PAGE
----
Like many A-League fans, my observations of Warren Joyce’s Melbourne City reign were formed from some distance.
I live in Sydney, have never met him personally and watched and listened from afar as the rumblings of dissatisfaction grew louder and louder the longer his tenure continued. On the pitch it was clear that his risk-averse tendencies hurt the team’s chances of success.
After a long and respectable playing career, Joyce’s managerial stocks appeared to be growing after working within Manchester United’s system and coaching their reserves team. With ample resources, funds and playing talent from which to choose and with a growing reputation as a competent manager, Joyce loomed on the City Football Group’s radar when Melbourne City required a mentor for the 2017/18 season.
Statistically the 54-year-old won 29 of 64 A-League matches, lost almost as many and was eventually dumped at the completion of the 2018/19 season. He built a nervous and stunted team that played inconsistent, bland and spineless football.
Joyce’s time in Australia will eventually become a mere blip in the annals of A-League history. With the arrival of Erick Mombaerts, there is already a feeling that it will not take long for City fans to move on from the bad times while enjoying a far more positive and promising team on the pitch.
As insignificant as the Englishman may seem in the future, his time proved damaging to one of Australia’s best and brightest talents and reminded all Australian football fans of the importance of local talent finding opportunities that encourages development.
Riley McGree appeared to be no fan of Warren Joyce’s approach to the game, his tactics, or the manager’s apparent lack of faith in him.
The South Australian 21-year-old exploded onto the domestic scene with Adelaide United in 2016. There was just one goal in his kit bag after 17 appearances, but Belgium’s Club Brugge saw what was fairly obvious to all bar blind Freddy and McGree headed to Europe.
Despite learning and developing off the pitch, influenced by quality coaching and astute thinkers, he was soon missing what so many young Australians do once they leave our shores: mountains of top-flight professional minutes.
A midseason loan to the Newcastle Jets in December 2017 saw McGree produce the goal that digitally traversed the globe. The famous scorpion kick contained all the brash fearlessness we had come to expect from him and suggested that the Socceroos could well and truly have a generational player on their hands.
A full season on loan at Melbourne City in 2018/19 became the next challenge. After starting in 12 of City’s first 13 matches, McGree was benched by Joyce for eight of the last 13. As part of the stodgy and often impotent City attack, McGree scored on seven occasions yet seemed unhappy, unenthused and uninspired.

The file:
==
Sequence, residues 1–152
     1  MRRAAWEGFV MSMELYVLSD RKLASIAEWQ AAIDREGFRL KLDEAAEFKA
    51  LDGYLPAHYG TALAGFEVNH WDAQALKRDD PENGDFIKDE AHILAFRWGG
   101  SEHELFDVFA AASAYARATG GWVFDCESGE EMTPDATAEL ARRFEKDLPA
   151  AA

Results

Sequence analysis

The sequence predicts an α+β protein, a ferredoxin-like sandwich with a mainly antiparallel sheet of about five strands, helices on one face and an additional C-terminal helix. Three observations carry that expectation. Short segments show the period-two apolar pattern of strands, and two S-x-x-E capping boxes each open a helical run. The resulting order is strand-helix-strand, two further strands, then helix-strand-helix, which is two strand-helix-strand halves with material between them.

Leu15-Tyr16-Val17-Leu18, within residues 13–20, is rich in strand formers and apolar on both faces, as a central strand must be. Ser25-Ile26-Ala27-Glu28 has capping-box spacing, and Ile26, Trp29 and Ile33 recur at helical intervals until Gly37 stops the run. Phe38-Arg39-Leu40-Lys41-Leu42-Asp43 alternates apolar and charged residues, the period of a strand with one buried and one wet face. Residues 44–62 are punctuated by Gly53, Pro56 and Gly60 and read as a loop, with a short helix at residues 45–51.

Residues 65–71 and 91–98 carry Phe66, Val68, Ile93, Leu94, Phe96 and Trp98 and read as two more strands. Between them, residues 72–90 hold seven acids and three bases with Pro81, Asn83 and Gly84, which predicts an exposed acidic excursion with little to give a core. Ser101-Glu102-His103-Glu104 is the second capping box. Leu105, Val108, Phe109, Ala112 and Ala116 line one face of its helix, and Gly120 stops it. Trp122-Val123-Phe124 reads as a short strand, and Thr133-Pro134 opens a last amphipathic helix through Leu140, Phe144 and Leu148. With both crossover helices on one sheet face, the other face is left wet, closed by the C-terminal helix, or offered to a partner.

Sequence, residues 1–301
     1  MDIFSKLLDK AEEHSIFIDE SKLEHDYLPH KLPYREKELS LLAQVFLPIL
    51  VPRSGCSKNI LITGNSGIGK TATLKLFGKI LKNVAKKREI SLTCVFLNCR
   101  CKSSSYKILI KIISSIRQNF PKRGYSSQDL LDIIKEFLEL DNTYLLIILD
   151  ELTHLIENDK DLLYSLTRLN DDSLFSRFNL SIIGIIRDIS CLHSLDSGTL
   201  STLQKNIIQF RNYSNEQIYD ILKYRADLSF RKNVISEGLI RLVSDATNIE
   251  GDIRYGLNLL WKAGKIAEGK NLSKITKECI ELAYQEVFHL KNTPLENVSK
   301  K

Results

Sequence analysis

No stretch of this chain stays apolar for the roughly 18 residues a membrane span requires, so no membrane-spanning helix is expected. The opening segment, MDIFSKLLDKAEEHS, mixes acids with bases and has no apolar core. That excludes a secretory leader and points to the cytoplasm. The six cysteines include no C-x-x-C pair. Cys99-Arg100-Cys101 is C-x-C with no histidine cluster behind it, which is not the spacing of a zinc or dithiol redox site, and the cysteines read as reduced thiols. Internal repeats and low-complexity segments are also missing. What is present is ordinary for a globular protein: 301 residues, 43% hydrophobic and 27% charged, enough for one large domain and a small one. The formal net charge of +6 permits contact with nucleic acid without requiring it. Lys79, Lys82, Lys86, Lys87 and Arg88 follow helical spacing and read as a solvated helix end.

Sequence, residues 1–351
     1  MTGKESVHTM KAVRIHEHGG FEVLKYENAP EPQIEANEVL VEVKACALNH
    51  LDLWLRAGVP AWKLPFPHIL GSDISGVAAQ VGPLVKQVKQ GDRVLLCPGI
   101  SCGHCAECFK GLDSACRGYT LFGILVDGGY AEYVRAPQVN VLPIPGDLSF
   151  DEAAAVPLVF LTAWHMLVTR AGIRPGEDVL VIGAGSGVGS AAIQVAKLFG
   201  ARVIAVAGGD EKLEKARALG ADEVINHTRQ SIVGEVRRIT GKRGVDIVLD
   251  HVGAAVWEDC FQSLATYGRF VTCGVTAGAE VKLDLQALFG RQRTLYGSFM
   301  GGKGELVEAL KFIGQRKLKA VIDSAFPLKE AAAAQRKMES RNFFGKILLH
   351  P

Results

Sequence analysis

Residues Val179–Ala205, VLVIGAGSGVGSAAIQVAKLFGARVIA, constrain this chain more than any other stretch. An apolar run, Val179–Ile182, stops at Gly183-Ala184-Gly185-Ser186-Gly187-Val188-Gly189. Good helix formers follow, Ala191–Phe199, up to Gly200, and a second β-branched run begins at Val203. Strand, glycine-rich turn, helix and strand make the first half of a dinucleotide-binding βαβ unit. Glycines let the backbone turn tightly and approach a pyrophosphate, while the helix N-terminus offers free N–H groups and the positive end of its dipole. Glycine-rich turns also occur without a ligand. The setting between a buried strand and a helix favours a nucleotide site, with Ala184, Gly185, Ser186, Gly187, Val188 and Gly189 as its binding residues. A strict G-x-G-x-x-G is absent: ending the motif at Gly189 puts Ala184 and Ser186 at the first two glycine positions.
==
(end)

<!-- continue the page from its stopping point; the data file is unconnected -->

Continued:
One of the most brazen youngsters on the local scene became a product of the rampant conservatism of his English manager, looking nothing like the man who had previously made so many people excited about his play.
It appears McGree is a smart cookie. Signing a three-year deal with the Reds back in his home state might just prove to be the smartest thing he has ever done. His early-season form seems to endorse the decision.
Adelaide have looked bright under new manager Gertjan Verbeek. Much time and energy was invested in their FFA Cup defence and eventual triumph, and there was some distraction from the opening rounds of the A-League.
Enjoying a short break and a bye in Round 4, the Reds have produced just the one win to this point – a comeback victory against the Jets in Round 3 – yet already we are witnessing a happier and free-spirited McGree, bubbling and bouncing around the pitch in the strip he first wore proudly as a teenager.
Most notably, McGree already has three goals to his name this season. I enjoyed Andy Harper’s comments after the youngster’s 49th-minute equaliser against the Jets. There was true passion in his voice as he celebrated the effort, citing simply that popping up more consistently and finding goals from midfield was the weapon McGree most needed to hone.
There was also a sense that should Adelaide’s favourite son be able to sharpen that tool, the A-League could have a domestic player with the talent to compete for a Johnny Warren Medal one day.
Right now, McGree just needs to play football and lots of it. A long stint in Adelaide with 60-plus solid games under his belt will be rewarded with time in the national colours.
That is ultimately the end game for the boy from Gawler: a role in the next three World Cup campaigns for the Socceroos. Should he now flourish and reach his potential, there is little doubt he will play some role in that journey.